Dan Debow, senior vice president of emerging technologies at Salesforce.com, says having a vision for your company is the key to growing a successful business. Yesterday, Dan gave a talk at the MaRS Mornings breakfast speaker series about his journey as an entrepreneur and how to use your company vision to sell your product.

Vision, he says, is a simple, inspiring story about the future. He shared the example of how Salesforce sold its vision to customers. The company, which provides customer relationship management (CRM) solutions, didn’t sell itself as a software company. Its positioning was simple: “The future is a future with no software. Here’s how we can help you not have to deal with it.”

Dan Debow speaks at MaRS Mornings
At MaRS Mornings, Dan Debow talks about how Salesforce’s founder sold the company vision to customers.

Dan Debow’s lessons on how to sell your product right

Dan shared several lessons with the audience on how to kill it with vision to sell your product. Here are just a few of the lessons.

  1. Read. Whether you’re a entrepreneurial guru or new on the startup block, launching a business is an intense learning process—why not get some insight from people who have done it before? Some of the books on his essential reading list for startup founders include:
  2. Focus. Many entrepreneurs veer their company off course, tackling too many different customer segments and solutions. As your company grows and gains momentum, turn down people who may move your efforts away from your core product.
  3. Position & iterate. Positioning is not what you do to a product. It is what you do to the mind of the prospect. As the co-founder of Rypple, a performance review social media site that was acquired by Salesforce.com in 2012, Dan strayed away from calling it a performance review company. Instead, Rypple positioned itself as way to offer feedback to employees. Remember that you must iterate your positioning as your company grows. Ask your customers, “How would you describe this product to other people?” Listen to what they say to find positioning that might resonate better.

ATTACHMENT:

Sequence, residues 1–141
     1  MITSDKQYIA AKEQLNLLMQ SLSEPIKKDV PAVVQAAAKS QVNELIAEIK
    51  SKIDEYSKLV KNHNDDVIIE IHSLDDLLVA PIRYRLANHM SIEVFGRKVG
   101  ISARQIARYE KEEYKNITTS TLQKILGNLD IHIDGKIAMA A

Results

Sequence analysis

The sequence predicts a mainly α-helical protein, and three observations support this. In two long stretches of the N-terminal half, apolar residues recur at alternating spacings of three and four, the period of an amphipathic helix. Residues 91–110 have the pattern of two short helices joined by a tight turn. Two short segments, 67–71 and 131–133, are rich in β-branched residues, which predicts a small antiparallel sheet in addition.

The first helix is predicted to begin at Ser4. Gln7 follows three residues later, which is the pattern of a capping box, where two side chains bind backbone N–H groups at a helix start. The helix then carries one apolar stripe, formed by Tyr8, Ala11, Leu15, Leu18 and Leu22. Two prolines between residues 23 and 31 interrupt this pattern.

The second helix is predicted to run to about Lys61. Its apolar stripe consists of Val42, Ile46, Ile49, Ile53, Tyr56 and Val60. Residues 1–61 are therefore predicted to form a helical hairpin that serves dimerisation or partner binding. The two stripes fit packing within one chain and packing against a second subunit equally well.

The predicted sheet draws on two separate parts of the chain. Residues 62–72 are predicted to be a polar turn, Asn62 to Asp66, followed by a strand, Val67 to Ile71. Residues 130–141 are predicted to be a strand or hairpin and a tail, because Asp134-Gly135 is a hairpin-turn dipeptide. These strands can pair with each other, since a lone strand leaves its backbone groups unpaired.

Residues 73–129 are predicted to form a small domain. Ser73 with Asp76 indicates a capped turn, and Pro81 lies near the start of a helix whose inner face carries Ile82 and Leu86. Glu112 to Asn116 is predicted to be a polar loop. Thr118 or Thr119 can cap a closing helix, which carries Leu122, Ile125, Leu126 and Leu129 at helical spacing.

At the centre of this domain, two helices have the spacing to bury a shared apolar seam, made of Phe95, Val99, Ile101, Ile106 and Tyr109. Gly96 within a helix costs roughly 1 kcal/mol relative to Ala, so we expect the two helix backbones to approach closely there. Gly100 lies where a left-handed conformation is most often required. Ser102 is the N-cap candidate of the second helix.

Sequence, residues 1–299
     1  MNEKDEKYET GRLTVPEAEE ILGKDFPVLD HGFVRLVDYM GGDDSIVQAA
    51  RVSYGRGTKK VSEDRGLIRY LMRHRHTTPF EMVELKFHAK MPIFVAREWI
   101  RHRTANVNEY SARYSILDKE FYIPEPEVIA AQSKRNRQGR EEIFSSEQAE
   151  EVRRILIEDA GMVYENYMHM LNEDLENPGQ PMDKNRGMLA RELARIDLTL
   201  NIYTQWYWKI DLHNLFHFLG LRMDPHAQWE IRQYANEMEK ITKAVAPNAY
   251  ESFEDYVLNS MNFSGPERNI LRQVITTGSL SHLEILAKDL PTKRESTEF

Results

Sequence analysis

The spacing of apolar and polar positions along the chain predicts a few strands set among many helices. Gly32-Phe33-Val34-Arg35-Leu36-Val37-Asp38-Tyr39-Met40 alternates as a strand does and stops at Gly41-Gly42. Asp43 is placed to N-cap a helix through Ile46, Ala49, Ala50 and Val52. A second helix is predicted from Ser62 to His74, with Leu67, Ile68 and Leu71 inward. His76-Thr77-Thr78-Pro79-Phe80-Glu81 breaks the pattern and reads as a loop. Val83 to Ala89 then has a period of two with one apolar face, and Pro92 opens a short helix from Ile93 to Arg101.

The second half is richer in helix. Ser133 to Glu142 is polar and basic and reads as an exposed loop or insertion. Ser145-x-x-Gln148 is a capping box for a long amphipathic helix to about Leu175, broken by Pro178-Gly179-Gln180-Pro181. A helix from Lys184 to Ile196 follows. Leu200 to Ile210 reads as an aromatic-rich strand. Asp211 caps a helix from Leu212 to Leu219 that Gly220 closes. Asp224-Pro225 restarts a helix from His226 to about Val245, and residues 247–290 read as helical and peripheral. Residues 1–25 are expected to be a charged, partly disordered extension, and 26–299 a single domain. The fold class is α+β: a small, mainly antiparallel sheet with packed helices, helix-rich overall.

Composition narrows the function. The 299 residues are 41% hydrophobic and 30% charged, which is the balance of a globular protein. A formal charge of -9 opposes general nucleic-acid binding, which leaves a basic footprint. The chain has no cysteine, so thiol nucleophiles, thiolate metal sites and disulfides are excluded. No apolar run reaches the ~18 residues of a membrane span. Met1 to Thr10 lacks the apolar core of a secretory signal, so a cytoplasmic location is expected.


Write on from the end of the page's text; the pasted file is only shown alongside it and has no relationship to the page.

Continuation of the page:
4. Controversy is OK. Controversy gets people talking and leads to action. Bringing disruption to a market means you will be controversial with new audiences. Don’t shy away from it.
  5. Be helpful. While controversy can be advantageous, you shouldn’t insult other people’s product. Don’t go around saying that the old ways people did things was wrong; instead, create a “bridge to the future.” Be a helpful expert. “What you did before made sense but here is where the world is going, and here is how my product can help.”

If you missed Dan’s talk, follow the conversation on Twitter using the hashtag #MaRSMornings.

Join us at the next MaRS Mornings

At the next MaRS Mornings on April 8, we will hear from Paul Teshima, co-founder and CEO of Nudge. Prior to Nudge, Paul was part of the executive team at Eloqua. Learn key lessons that kept Eloqua alive and growing for over 13 years, through two economic crises, a $100-million patent lawsuit, and led to its eventual acquisition by Oracle for $957 million in 2012. The event is free but registration is required. Register today!

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Jelena Djurkic

Jelena Djurkic was the Senior Associate, Content Marketing at MaRS. Follow her on Twitter @jdjurkic. See more…